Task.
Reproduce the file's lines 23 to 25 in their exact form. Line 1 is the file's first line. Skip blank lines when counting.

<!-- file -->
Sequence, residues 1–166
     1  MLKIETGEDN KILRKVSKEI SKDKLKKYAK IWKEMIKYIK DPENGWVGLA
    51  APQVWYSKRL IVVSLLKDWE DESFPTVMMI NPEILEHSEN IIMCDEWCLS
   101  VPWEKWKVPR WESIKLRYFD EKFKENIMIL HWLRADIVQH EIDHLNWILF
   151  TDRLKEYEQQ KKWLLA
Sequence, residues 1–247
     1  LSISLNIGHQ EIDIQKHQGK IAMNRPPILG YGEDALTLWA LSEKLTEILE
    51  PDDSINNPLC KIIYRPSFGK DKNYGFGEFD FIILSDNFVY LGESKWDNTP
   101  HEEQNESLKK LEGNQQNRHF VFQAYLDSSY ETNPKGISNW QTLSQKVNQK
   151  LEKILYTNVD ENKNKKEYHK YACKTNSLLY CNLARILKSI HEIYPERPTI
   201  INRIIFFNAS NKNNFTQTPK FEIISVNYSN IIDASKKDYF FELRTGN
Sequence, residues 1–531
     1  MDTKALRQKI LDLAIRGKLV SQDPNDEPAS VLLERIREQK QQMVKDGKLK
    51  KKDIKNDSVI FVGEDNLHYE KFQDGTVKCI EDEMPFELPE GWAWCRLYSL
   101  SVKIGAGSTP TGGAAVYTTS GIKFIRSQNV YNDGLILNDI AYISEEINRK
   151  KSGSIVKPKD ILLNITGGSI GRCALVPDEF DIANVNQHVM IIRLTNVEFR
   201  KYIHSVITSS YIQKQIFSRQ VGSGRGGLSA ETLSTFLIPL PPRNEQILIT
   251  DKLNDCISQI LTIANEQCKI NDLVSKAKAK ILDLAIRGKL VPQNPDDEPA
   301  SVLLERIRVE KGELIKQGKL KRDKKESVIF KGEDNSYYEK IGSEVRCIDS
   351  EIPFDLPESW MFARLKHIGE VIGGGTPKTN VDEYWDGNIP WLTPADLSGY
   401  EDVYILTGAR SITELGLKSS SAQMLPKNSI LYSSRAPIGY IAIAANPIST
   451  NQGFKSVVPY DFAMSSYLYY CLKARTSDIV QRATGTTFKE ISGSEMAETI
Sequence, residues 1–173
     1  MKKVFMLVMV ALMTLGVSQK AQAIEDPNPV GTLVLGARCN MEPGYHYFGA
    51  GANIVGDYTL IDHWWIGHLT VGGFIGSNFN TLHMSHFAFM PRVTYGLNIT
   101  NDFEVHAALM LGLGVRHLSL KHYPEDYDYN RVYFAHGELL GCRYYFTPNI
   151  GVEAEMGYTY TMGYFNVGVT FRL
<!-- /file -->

Sequence, residues 1–173
     1  MKKVFMLVMV ALMTLGVSQK AQAIEDPNPV GTLVLGARCN MEPGYHYFGA
    51  GANIVGDYTL IDHWWIGHLT VGGFIGSNFN TLHMSHFAFM PRVTYGLNIT